The opinion of the court was delivered by: Judge Nora Barry Fischer
This case involves claims related to a slip and fall suffered by Les A. Newton ("Mr. Newton") as well as a loss of consortium claim suffered by Betty Newton, Newton's wife, ("Mrs. Newton")(collectively, "Plaintiffs") against Norfolk Southern Railway Company ("Norfolk"), MCM Ventures Limited, LTD ("MCM") and the Sewickley Country Inn ("Sewickley Inn"). Pending before this Court is Defendants MCM and the Sewickley Inn's Motion of Summary Judgment [DE 27] and Defendant Norfolk's Motion for Summary Judgment [DE 30], which are both ripe for disposition.
Defendant Norfolk employed Plaintiff Mr. Newton as a locomotive engineer from 1971 through the date of his accident, November 9, 2003. (Docket No. 28, Exh. F at 32:19-24) (hereinafter, "Newton Dep."). On November 9, 2003, Norfolk ordered Mr. Newton to travel from Cleveland, Ohio to the Conway Railroad Yards in Beaver County, Pennsylvania. (Newton Dep. at 39:2-8). Mr. Newton arrived at the Conway Railroad Yards at approximately 2:25 a.m. and was thereafter transported by Norfolk to the Sewickley Inn. (Id. at 39:16-17). The Sewickley Inn is owned and operated by Defendant MCM, "a business entity with a principal place of business other than Ohio." (Docket No. 10 at ¶ 1).
At some time before 3:00 a.m. on November 9, 2003, Les Newton entered room 1106 of the Sewickley Inn and he prepared to take a shower. (Newton Dep. at 54:14-20). While showering, he lost his balance and fell on the back of the tub landing on his lower back and side. (Id. at 54:21-55:1). After a short period of time, Mr. Newton was able to get out of the tub and make a call to the front desk that he was in severe pain and in need of medical attention. (Id. at 55:2-24). He alleges that the cause of his fall was an unsafe slippery condition within the tub. (Docket No. 2 at ¶10, 27-29).
On November 3, 2005, the Plaintiffs filed an Amended Complaint*fn1 bringing their action against Defendant Norfolk under the Federal Employers' Liability Act ("FELA"), 45 U.S.C. § 51, et seq., the Federal Safety Appliances Act, 49 U.S.C. § 20301, et seq., and the Federal Locomotive Inspection Act, 49 U.S.C. § 20701, et seq. Additionally, the Amended Complaint alleges common law negligence as well as loss of consortium (as to Plaintiff Mrs. Newton) against Defendants MCM and the Sewickley Inn. The Plaintiffs allege that Mr. Newton's accident was caused by the unsafe condition of the Sewickley Inn, particularly that the shower and bath facilities were in a state of disrepair. (Docket No. 2, at ¶10, 27). On November 15, 2005, Norfolk filed its Answer to the Amended Complaint and a cross-claim against Defendants MCM and the Sewickley Inn for contribution and indemnification in the instance that Defendant Norfolk was found liable to the Plaintiffs. On June 1, 2006, upon motion by Defendants MCM and the Sewickley Inn, the Court stayed this case for six months due to medical procedures that Mr. Newton was undergoing.*fn2 On April 26, 2007, the Sewickley Inn and MCM filed a Motion for Summary Judgment and Brief in Support and on April 30, 2007, Norfolk filed a Motion for Summary Judgment and Brief in Support.*fn3 On May 3, 2007, the Plaintiffs responded to both motions. The following is what is taken to be undisputed by the parties from their briefs.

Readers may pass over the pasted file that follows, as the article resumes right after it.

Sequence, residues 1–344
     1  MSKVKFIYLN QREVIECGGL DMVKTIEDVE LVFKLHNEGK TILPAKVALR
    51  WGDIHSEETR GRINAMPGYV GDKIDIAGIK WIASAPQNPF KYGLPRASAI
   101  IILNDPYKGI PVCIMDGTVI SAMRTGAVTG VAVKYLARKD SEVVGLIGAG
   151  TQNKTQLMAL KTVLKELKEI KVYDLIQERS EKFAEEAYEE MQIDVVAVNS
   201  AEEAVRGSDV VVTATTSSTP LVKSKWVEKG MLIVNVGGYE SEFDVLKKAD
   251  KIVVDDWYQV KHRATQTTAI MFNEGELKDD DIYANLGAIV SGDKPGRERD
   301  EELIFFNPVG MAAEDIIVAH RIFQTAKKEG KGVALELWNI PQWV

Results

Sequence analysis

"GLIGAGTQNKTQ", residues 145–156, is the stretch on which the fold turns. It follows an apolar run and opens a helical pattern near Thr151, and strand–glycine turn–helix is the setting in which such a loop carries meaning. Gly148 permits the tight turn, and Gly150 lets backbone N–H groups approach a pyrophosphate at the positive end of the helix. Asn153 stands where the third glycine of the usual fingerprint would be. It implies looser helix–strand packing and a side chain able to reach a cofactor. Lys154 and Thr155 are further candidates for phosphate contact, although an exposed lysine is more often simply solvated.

In responding to Interrogatory Number 17 of the Sewickley Inn regarding the alleged unsafe conditions of the shower and bath facilities, Plaintiffs answered in part that "the shower was unsafe because of the absence of protection devices and substances on the floor to increase friction and diminish slipping." (Docket No. 28, Exh. B at 2). It is admitted by the Plaintiffs that the bathroom tub was examined by Trainmaster J. A. Lavelle on the day of the alleged accident and the tub was found to have a rubber bath mat affixed. (Docket No. 27 at ¶5; Docket No. 28, Exh. D-2 ). Mr. Newton testified at his deposition that the bathtub in room 1106 had strips in the center of the tub that he understood were for traction and that about two inches of the ends of the strips towards the back of the bathtub appeared worn and frayed. (Id.). Mr. Newton admits that he was unable to describe with any specificity what part of the strips, if any were slippery. (Docket No. 27 at ¶ 7; Newton Dep. at 50:7-13). At his deposition, he could not answer with certainty that his foot was on the bath mat when he fell, only that his foot was probably on it. (Newton Dep. at 61:4-13).
Keystone Engineering Consultants, Inc. performed coefficient of friction testing on the bath mat in the place where the accident is alleged to have occurred. The testing analysis determined that the bath mat exhibited a level of resistance exceeding applicable safety standards. Based upon the results of the testing, Keystone was able to opine that the bath mat was not a hazard to persons using reasonable care and that "the slip resistance of the subject bathtub applique was not the cause of Mr. Newton's falling accident." (Docket No. 27 at ¶15; Docket No. 28, Exh. E at 9). The Plaintiffs offer no expert report to contradict the report of the Defendants and only respond that they are unable to confirm the accuracy of the expert's opinion. (Docket No. 27 at ¶17; Docket No. 32 at ¶15-17). In the Plaintiff's Reply in Opposition, they state: